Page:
Twelve Years Later

Domaine Bousquet: High Altitude, Organic Wines Worth Finding

Regular readers know that South American wines have been getting a good share of attention on the pages of imbiber's journal lately, and not without good reason. Increasingly, wines from south America are breaking out from the value end of the spectrum, which coincides with their immunity from the vagaries of wine tariffs. And the focus on organic farming not only caters to growing consumer preference, but translates into more expressive, honest examples.

Regular reader may also have noted more of a spotlight on less dense, lower alcohol wines that still deliver plenty of aromatic thrill and boatloads of flavor. This seeming contradiction does exist, and generally points towards wines grown at higher altitudes where phenolic ripeness can be achieved without going overboard on sugars. A nice bonus is that these regions tend to produce exciting acidity in the wines, adding energy and freshness. But one thing I hadn't realized until a recent zoom call is that higher altitude vineyards can also turn out bolder styles balanced by moderate alcohol while retaining acidic vigor. 

Earlier this week Domaine Bousquet in Argentina's Tupungato area of Uco Valley (a sub-region of Mendoza) hosted a Zoom call with their agronomist Franco Bastias and proprietor Anne Bousquet. A number of Domaine Bousquet's wines have been reviewed here, here, and here recently (with more below and yet more on the way,) but perhaps the biggest surprises have been their incredible box wines reviewed here last year. So far all of these wines have been uniformly clean, honest, and terrific values. Collectively, they illustrate a range of capabilities in the cellar and meticulous caretaking in the vineyards.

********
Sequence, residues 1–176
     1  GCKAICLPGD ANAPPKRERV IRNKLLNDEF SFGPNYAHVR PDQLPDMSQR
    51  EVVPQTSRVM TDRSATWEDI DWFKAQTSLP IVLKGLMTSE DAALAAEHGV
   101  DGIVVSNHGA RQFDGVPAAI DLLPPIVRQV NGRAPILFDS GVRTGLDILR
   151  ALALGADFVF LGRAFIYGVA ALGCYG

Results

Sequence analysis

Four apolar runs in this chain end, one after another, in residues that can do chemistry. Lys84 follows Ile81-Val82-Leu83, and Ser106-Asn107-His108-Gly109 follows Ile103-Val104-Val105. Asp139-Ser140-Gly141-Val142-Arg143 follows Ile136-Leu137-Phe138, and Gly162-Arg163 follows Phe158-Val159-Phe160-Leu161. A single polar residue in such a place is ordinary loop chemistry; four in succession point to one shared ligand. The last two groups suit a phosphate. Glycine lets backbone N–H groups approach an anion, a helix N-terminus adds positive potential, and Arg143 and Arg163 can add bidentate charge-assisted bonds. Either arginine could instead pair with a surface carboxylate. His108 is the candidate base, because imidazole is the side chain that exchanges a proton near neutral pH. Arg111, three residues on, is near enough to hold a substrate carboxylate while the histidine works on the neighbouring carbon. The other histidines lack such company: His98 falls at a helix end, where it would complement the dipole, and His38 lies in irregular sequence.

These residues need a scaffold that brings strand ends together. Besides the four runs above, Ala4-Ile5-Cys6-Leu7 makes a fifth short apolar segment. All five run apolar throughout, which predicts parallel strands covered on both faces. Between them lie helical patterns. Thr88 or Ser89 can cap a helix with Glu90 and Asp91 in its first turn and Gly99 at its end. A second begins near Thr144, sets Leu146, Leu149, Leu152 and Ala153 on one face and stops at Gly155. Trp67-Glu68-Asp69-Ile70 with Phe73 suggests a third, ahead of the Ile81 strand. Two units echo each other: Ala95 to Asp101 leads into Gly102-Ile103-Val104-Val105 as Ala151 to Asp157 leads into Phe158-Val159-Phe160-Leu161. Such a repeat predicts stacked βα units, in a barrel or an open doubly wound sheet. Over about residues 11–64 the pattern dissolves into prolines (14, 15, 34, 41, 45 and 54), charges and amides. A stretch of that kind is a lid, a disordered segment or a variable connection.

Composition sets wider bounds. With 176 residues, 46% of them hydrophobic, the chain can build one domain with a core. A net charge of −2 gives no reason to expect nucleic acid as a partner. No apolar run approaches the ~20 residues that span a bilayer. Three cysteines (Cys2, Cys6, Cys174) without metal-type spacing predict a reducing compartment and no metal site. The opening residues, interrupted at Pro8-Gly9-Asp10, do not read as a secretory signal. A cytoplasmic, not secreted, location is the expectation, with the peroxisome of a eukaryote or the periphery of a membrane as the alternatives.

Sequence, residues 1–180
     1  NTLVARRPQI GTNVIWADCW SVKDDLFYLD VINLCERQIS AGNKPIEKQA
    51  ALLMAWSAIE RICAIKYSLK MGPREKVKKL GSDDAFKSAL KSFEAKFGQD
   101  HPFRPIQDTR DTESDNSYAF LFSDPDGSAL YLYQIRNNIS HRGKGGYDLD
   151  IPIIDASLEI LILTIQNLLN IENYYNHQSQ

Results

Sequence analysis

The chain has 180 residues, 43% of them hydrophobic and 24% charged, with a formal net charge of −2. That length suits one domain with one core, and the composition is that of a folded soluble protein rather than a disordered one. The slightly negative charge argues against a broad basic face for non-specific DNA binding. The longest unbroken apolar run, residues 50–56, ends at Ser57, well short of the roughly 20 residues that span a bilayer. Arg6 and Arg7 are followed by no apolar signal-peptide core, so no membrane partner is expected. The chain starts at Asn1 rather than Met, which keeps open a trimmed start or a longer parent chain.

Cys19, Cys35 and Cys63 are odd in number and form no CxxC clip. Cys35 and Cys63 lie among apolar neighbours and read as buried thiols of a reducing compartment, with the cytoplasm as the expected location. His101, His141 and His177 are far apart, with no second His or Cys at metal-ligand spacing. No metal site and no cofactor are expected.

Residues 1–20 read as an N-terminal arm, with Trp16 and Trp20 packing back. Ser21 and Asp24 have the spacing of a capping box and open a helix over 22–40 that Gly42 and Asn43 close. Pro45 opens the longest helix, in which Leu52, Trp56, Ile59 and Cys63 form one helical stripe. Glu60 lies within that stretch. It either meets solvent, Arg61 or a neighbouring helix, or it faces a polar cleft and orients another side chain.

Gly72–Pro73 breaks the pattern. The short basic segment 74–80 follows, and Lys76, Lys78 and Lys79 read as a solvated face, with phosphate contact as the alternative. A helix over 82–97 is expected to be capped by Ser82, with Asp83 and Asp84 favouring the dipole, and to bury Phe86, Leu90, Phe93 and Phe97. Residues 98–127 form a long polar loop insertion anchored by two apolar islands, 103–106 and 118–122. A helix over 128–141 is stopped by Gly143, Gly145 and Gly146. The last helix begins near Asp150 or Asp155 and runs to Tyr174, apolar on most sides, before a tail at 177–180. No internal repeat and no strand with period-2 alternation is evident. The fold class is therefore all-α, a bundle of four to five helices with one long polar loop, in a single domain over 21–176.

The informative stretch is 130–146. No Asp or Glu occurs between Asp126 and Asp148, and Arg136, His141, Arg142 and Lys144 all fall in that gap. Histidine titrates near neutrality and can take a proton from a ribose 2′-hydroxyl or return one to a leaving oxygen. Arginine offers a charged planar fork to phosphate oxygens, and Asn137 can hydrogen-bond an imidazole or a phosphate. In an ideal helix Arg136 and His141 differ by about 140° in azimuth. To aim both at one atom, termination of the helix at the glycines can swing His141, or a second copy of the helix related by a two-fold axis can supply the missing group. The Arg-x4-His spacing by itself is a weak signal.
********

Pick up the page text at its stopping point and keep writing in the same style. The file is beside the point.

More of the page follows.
Our Zoom session covered the nearly 25 year history, vision, and insights into the challenges of greenfielding a winery in the remote highlands of Mendoza in the foothills of the Andes - all very interesting - as was the visual deep-dive into the soils under the vines, and how they impact the structure in the bottle.


Cross section of soils under vines at Domaine Bousquet
But the discussion on the benefits of farming grapes at higher altitudes was most intriguing, and of particular poignance as the effects of a warming planet impact the wine world.

So, what's different about making wine at 4,000 feet above see level in an alpine desert climate? Quite a bit, as it turns out:
  • Very low humidity, so there are fewer pests - both the moldy kind and the creepy-crawly variety - to contend with.
  • Fewer pests makes organic farming more accessible, and Domaine Bousquet wines have been made from organic grapes since day one. 
  • Huge diurnal swings (the difference in highest and lowest temperatures in a day) translate to grapes with a higher level of acidity. 
  • Extreme sunshine means robust phenolic ripeness.
  • Extreme dryness, combined with sandy, stony riverbed soils cause desireable vine stress, which, in turn manifests as minerality and elegant structure. It also keeps vine yields low, increasing concentration of flavors.
Combined, these factors protect wines from being flabby bombs, and instead result in wines or firm vigor and elegance. And of all the samples sent, the most expensive is their Gran Malbec with a suggested price of $25, evidence of their emphasis on affordability.

Following are two contrasting examples, but stay tuned for more.

2019 Bousquet Chardonnay Reserve Tupungato Uco Valley $18
Medium-hued straw in the glass, the nose is clean, though showing interesting tropical and citrus character. But, boy, does it unfold in the mouth where a plump, round continuation of tropicalia is cloaked in toasty, voluptuous oak, a thin vanilla line, and finished with zippy acidity. A heady, generous wine for fans of California's archetypal profile, but at a much lower price point.

2019 Bousquet Pinot Noir Reserve Tupungato Uco Valley $18
Very, very old world in style, this lean example is tough to appreciate it it's youth, but shows incredible promise to evolve into a swan. Taut and coiled, but with elegant fruit and copious acidity, this is a surprise in its departure from fruit-forward, candy-like pinots, and its seriousness of structure that suggests dry farming conditions. I'd love to meet this wine again in five years. And ten. And beyond.